Jewish Prayers From the Heart and Pen of Alden Solovy

Rules for Being Me in Jerusalem

IMG_0678This is a private meditation. That is, I don’t expect that it speaks fully to or for anyone but me. I wrote it several months ago, but it didn’t feel complete. The final thoughts came to me this morning during my run. I added three lines and rearranged the paragraphs. Some of these rules only apply to my life in Jerusalem; some only to my life in Israel. Perhaps this will change as the depth of my experience here grows.

So, if it’s private, why am I posting it? To encourage you to write your own “Rules for Being You” meditation. I’m glad that I finished this piece before Yom Yerushalayim, which is May 8, 2013.

Rules for Being Me in Jerusalem
Smile at everyone.
Or, at least, nod in their direction.
Some may even smile back.
Don’t take offense if someone
Simply looks away,
Or never makes eye contact.
They aren’t used to it.

Speak your truth,
But only when it adds love
Or a blessing to the world.
Live your truth always.
No matter what.

Before Shabbat,
Put a loaf of bread where
Someone needy can find it.
Say a quick prayer for abundance,
Yours and theirs.

Look at everyone as if you can see
Directly into their hearts.
Their hearts hold joy and grief and love.
Like yours.

See the best in everyone,
Even when someone chooses to show you their worst.

Smile at women with babies. And men.
Not for them, for you.
You are seeing the future,
And it is beautiful.

Say Shabbat Shalom to everyone,
Even men without kippot.
We all deserve rest and peace.

There is holiness in the air.
Malchut and Tiferet
Are within your grasp.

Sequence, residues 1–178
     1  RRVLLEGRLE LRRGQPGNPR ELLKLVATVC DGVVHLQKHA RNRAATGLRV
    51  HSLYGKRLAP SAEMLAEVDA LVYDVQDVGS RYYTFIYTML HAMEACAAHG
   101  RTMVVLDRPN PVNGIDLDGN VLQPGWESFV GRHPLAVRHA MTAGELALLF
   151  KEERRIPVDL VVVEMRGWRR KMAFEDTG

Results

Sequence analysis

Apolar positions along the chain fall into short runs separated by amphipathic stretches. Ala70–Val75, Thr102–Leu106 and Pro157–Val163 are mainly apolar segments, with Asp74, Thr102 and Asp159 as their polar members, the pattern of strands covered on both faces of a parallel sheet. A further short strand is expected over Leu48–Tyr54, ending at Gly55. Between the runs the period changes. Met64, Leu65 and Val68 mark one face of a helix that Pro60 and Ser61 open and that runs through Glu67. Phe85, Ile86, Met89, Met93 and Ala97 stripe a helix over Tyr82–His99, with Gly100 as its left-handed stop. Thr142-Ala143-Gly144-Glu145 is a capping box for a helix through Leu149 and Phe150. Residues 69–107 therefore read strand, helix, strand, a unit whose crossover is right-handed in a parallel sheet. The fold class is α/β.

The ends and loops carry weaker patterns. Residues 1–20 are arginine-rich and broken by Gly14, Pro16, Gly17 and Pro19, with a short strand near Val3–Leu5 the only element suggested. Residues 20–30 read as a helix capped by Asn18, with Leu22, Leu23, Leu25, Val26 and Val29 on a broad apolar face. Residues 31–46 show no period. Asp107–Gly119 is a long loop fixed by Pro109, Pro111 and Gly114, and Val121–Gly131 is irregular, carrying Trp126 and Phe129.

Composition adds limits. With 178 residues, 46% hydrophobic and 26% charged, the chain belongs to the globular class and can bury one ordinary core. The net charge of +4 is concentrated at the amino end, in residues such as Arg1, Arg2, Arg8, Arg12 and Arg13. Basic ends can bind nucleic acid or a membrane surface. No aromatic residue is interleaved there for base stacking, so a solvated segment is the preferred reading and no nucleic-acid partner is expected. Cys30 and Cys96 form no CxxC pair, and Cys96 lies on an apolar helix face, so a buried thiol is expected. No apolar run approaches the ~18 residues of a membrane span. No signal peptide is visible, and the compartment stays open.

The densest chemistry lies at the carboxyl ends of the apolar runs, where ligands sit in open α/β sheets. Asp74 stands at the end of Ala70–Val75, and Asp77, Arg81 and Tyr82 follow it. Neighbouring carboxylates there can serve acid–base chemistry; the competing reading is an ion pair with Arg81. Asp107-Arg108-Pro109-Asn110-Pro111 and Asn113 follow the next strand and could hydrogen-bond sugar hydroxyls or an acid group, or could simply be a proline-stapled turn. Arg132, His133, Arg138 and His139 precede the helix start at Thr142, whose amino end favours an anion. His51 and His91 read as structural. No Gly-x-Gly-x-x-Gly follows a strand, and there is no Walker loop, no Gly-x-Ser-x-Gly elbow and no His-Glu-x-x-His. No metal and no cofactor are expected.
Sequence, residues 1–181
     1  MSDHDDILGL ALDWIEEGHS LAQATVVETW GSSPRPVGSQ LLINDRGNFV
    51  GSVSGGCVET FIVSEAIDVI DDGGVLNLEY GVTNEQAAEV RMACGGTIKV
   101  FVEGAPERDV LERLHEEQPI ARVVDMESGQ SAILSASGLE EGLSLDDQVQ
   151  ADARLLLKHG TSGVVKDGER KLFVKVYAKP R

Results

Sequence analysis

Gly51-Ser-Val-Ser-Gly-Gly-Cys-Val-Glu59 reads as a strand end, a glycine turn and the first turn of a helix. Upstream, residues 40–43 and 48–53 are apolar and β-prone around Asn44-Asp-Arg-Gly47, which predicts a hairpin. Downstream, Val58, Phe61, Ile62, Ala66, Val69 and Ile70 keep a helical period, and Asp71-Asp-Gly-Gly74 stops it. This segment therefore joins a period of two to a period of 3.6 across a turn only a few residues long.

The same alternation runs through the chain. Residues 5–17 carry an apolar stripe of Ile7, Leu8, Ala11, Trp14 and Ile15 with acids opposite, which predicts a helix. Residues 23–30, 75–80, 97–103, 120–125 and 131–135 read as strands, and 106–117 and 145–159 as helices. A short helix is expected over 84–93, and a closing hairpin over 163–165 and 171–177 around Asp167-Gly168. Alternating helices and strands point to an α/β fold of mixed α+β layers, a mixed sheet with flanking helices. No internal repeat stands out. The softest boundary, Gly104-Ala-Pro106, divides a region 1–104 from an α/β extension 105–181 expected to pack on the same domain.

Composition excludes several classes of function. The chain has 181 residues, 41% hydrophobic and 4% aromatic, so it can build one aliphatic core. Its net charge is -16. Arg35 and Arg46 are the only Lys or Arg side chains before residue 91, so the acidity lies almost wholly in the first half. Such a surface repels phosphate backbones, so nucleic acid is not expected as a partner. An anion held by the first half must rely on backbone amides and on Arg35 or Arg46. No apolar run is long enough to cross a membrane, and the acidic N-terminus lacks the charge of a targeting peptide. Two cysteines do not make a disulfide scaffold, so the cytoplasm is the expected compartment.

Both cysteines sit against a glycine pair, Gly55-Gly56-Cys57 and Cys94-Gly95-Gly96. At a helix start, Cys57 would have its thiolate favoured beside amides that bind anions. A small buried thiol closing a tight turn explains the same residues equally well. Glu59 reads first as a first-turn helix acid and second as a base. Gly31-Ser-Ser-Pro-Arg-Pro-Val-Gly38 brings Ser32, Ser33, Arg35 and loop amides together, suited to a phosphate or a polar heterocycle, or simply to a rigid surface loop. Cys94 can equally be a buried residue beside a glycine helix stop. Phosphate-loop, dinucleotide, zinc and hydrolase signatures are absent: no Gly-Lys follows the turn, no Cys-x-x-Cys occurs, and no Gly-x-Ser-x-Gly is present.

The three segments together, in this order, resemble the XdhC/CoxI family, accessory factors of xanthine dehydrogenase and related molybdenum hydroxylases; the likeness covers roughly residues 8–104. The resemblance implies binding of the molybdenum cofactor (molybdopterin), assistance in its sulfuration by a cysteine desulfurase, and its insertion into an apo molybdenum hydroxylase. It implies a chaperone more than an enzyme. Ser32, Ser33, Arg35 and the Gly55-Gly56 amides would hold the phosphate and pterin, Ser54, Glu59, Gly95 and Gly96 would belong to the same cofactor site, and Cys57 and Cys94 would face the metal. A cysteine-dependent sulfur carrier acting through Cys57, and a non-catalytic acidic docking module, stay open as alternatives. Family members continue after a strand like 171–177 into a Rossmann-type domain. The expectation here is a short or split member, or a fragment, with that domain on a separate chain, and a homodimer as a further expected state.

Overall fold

© 2013 Alden Solovy and All rights reserved.

Postscript: If you write your own “Rules” meditation, please take a moment to share on this page what it was like to write it. See also: “Jerusalem: A Meditation” and other prayers about Israel.

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Photo Credit: Alden Solovy

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7 Responses to “Rules for Being Me in Jerusalem”

  1. Tracey Kite

    Alden, this is truly beautiful. Thank you for posting it. I think I will print it and leave it where I can read it often. It speaks to a level of hope and faith that I aspire to and every once in a while manage to touch. Shalom.

  2. norman sider

    Thanks for another beautiful posting. I plan to  share it as a “Torah Minute” during next Friday morning minyan. Shavua tov. Norm Sider


  3. Justin

    I love this, Alden. After 5+ years here,it’s about time I wrote my rules. Here’s my start:
    Rule#1: Listens to rocks. They’ve been around longer than you, and their silence is wisdom.
    Rule #2: Feel the evening breeze on your face. That breeze has magic in it, like the desert it’s coming in from.
    Rule #3: Stick to those things you do with great passion and soul.
    Rule #4: Ride all you can. Your other kippa is a bike helmet.


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